Former Parliamentary Commissioner for the Environment Morgan Williams has told Environment Waikato councillors that sustainability is no longer just a "nice to have".
At a briefing for EW’s policy and strategy committee on Wednesday 11 March, he quoted from the summit of the Global Agenda World Economic Forum in January. "It [sustainability] has become a human security and survival issue and we must envisage ways for humanity to thrive, not just survive."
Dr Williams – who currently has Adjunct Professorships at the University of Canterbury and Queensland and a consultancy business called FutureSteps - said regional councils had a key role to play in ensuring that communities thrived as they tried to ensure a healthy environment and a healthy economy in their areas.
A key challenge for New Zealand was to help meet the growing global demand for higher quality, higher value food, particularly animal protein, while sustaining the health of ecosystems, and reducing the contribution of food production to climate change, Dr Williams said.
He believed New Zealand needed to focus on changing whole farm systems to dramatically increase the efficiency of inputs (such as energy and fertilizers), fodder production and livestock performance, and therefore impact on our natural capital, rather than have too much focus on one component, such as greenhouse gas emissions.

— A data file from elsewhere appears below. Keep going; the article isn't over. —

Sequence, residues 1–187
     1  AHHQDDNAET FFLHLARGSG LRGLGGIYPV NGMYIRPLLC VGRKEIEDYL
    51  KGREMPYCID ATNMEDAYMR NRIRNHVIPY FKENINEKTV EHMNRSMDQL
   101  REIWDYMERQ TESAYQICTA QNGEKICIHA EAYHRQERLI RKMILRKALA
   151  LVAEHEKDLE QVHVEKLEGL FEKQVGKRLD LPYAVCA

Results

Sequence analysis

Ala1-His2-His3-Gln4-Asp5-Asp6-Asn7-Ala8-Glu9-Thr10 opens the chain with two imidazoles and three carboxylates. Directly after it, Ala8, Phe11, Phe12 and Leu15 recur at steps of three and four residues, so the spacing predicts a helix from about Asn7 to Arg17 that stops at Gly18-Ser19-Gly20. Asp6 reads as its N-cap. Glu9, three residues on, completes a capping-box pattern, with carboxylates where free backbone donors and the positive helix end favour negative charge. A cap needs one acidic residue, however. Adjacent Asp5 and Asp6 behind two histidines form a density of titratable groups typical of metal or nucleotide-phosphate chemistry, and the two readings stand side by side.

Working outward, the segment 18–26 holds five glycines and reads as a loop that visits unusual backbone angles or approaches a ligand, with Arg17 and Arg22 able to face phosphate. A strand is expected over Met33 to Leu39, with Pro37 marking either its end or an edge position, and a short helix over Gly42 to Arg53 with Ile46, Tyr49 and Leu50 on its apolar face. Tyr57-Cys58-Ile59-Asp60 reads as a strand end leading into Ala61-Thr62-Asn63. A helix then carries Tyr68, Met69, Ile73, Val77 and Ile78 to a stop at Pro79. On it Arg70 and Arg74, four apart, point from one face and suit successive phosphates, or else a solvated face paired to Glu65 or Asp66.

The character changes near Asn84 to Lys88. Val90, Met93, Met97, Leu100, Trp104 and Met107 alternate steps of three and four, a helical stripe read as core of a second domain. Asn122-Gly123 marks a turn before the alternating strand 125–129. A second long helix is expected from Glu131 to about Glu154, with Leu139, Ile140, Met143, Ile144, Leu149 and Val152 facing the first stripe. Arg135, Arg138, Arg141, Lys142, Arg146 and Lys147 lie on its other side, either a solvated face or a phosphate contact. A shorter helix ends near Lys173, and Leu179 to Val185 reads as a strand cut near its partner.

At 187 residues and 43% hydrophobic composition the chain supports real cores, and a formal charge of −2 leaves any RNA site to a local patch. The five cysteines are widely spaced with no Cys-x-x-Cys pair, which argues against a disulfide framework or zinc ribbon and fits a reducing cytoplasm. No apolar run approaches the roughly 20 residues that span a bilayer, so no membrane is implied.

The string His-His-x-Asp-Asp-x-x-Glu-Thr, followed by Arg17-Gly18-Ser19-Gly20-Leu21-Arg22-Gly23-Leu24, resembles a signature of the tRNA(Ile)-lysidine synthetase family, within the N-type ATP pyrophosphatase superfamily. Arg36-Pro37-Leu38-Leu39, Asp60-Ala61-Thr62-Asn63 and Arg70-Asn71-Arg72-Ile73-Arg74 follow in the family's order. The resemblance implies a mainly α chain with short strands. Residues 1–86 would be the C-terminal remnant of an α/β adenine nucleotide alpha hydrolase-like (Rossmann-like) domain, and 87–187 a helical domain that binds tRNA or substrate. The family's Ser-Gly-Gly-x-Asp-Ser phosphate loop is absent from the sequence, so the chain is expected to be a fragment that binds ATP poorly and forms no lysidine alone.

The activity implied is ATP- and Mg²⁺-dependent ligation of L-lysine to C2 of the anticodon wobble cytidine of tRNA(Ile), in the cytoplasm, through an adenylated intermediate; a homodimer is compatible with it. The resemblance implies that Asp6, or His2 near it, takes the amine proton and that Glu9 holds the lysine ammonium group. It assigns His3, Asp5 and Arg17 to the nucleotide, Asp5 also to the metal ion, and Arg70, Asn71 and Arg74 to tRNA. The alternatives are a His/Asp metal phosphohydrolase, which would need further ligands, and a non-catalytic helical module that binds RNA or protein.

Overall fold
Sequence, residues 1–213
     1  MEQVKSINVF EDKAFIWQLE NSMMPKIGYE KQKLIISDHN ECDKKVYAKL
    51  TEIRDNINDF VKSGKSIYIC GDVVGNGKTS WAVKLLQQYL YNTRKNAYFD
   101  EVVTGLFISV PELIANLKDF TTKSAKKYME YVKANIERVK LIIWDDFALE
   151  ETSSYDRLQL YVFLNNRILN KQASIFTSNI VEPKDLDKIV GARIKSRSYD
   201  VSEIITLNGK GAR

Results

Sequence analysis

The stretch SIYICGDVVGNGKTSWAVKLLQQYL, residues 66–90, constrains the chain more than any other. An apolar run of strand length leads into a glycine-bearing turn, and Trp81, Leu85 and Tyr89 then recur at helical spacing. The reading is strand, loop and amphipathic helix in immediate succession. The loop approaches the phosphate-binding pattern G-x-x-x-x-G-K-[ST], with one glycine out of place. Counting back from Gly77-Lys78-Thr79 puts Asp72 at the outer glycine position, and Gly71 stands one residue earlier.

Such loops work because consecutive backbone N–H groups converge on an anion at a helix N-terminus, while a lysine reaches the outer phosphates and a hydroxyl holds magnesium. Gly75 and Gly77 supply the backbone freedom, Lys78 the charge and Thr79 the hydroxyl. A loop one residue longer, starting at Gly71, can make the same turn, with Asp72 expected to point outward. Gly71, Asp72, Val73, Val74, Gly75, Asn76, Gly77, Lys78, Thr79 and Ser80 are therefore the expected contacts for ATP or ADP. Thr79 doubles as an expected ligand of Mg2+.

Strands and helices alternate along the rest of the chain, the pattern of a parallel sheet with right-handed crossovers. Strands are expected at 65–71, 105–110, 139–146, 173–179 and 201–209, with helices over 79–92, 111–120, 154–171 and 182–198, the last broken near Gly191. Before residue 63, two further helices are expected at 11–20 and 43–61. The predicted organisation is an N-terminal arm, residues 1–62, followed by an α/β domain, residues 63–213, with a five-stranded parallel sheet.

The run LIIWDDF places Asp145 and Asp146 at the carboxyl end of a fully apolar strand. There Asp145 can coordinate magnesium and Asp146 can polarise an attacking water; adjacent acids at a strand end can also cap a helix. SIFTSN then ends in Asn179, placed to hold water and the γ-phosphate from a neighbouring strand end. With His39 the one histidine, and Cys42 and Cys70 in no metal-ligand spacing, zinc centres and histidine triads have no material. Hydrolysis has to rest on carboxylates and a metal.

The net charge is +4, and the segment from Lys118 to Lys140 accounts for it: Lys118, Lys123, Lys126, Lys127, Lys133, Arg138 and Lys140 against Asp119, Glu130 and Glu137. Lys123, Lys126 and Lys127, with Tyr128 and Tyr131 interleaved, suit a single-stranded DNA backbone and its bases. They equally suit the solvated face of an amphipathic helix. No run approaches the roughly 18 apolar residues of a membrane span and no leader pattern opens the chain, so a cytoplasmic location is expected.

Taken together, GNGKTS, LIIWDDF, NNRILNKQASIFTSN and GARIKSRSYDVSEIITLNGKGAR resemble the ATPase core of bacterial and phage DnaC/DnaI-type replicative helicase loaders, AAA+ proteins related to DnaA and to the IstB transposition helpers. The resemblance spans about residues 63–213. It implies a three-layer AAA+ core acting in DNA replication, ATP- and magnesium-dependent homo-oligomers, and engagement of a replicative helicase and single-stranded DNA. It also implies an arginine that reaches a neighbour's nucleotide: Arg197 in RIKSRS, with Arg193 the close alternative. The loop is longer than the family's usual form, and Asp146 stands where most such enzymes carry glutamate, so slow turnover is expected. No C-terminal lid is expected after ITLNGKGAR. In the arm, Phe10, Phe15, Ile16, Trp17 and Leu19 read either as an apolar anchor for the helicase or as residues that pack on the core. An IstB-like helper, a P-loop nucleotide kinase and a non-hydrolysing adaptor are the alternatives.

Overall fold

Praising EW’s understanding of the region’s soil and water resources, Dr Williams said the recent global economic meltdown underlined the importance of good regulation, compliance monitoring and quality governance. He suggested declining water quality could affect the region’s reputation: "From a marketing point of view it's a nightmare - how do you explain to customers at home or abroad that your waterways are so polluted stock can't drink from them, people can't swim in them."
It was therefore important that EW didn’t "drop the ball" on monitoring and measuring environmental indicators, and the council needed to work with its community to improve everyone’s capacity to manage the weather extremes that are already a reality (as global insurance claims indicate) of climate change, he said.
Dr Williams also said that allowing subdivision of prime agricultural land was like "pulling the rivets out of the wings of a 747 - do we want to allow that to happen?"
Policy and strategy committee chair Paula Southgate said she agreed that EW, the Waikato agricultural sector and other agencies needed to work together closely to better manage the impact of farming on the environment.
"We collectively need to identify measures we can take to make sure we maintain a healthy rural economy while, at the same time, doing more to protect the environment," said Cr Southgate.
"I agree with Dr Williams that more sustainable management of natural resources is no longer just a ‘nice idea’. It’s something we need to do to better so as to support the natural resources which underpin activities like farming and tourism, and the great outdoor way of life we enjoy in the Waikato.
"These types of issues will be looked at closely in the forthcoming review of our regional policy statement and in the development of our sustainable agriculture strategy."